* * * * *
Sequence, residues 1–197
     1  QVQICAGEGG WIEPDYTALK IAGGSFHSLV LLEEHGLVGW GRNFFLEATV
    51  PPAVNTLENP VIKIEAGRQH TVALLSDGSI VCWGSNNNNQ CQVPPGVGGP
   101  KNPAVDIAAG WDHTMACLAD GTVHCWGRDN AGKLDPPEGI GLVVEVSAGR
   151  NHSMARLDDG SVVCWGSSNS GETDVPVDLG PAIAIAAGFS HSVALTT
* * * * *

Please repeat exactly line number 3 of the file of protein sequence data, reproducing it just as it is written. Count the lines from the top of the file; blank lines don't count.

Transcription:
    51  PPAVNTLENP VIKIEAGRQH TVALLSDGSI VCWGSNNNNQ CQVPPGVGGP